This would never happen in New York, where street-level performance has a business-like feel, where performers attempt to capture the attention (and a sliver of the wallets) of a bevy of busy people, tiredly waiting for the next 6 train uptown for some reason or another. There is no “play-along” element to it, whereas in the district every performer seemed more than happy to stop for ten minutes and have a conversation with anyone willing or interested.
Then there are the moments that are strictly American, things that foreigners can really never understand, that drove me to tears of pseudo-patriotic reverence and joy. I say “pseudo-patriotic” because I am not interested in these things as symbols of “my country,” but rather part of the shared culture that makes me different from a Canadian or Briton—I may not always like “my county,” but I am distinctly American, and our culture is often just as moving and powerful as the Pyramids or Notre Dame.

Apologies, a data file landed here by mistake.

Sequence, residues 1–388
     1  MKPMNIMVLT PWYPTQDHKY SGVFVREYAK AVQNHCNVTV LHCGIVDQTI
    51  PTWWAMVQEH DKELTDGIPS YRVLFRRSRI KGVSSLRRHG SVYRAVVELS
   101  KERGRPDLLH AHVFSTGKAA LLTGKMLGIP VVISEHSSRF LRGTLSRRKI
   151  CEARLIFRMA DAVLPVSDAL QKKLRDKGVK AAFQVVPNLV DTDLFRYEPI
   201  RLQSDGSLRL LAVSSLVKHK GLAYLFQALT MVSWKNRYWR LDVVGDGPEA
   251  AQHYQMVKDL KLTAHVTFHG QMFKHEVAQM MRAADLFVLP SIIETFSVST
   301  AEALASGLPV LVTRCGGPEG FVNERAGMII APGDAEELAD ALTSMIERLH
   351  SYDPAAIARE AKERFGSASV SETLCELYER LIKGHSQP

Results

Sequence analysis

One of these was the changing of the guard at the Tomb of Unknown Soldiers, a demonstration of discipline, grace, reverence, honor, dignity, and sense of meaning unlike anything I have ever seen. The 21-second increments of the guard's routine, smooth and impossible to disrupt, broken in half-hour intervals by a routine so well-choreographed and executed that we watched it twice just to see if there were any perceivable differences from one changing to the next. There were not.